For example, here he was in 2018 after Robinson Canó got busted for PEDs:

Of course, consistency can be a problem for Verlander when his teammates are on the ones who are on the hook. Here was his response to Tigers infielder Jhonny Peralta being suspended in the wake of the Biogenesis scandal:

“Everybody makes mistakes. He’s my brother. We fight and bleed and sweat together on the baseball field. If my brother makes a mistake, especially if he owns up to it and serves his time, I don’t see how you can hold a grudge or anything like that. “It’s one thing to step up and be a man and own up to his mistake.”

Verlander, it should also be noted, was very outspoken about teams engaging in advanced sign-stealing schemes once upon a time. here he was in 2017, while still with the Tigers, talking about such things in a June 2017 interview with MLive.com.

“We don’t have somebody, but I’m sure teams have a person that can break down signals and codes and they’ll have the signs before you even get out there on the mound.  It’s not about gamesmanship anymore. It used to be, ‘Hey, if you can get my signs, good for you.’ In the past, if a guy on second (base) was able to decipher it on a few pitches, I guess that was kind of part of the game. I think it’s a different level now. It’s not good.”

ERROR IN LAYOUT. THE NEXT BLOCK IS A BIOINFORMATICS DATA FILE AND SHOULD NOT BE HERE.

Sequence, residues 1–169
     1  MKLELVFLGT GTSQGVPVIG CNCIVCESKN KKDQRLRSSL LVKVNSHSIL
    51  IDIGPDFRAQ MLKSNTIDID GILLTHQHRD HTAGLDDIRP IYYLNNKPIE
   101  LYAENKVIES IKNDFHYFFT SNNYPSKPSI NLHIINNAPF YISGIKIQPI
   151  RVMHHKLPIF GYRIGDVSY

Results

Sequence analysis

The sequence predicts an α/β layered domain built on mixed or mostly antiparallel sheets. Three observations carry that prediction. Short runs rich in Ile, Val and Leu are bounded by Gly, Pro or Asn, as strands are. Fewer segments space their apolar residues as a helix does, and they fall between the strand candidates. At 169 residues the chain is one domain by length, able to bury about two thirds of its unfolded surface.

Which makes me wonder how he felt when he landed on the Astros two months later and realized they had a sophisticated cheating operation underway. If the feelings were mixed, he was able to bury the part of them which had a problem with it, because he’s said jack about it since this all blew up in November. And, of course, has happily accepted the accolades and the hardware he he has received since joining Houston, some of which was no doubt acquired by virtue of a little extra, ill-gotten run support.

Anyway, wake me up when someone — anyone — associated with the Astros shows some genuine accountability about this.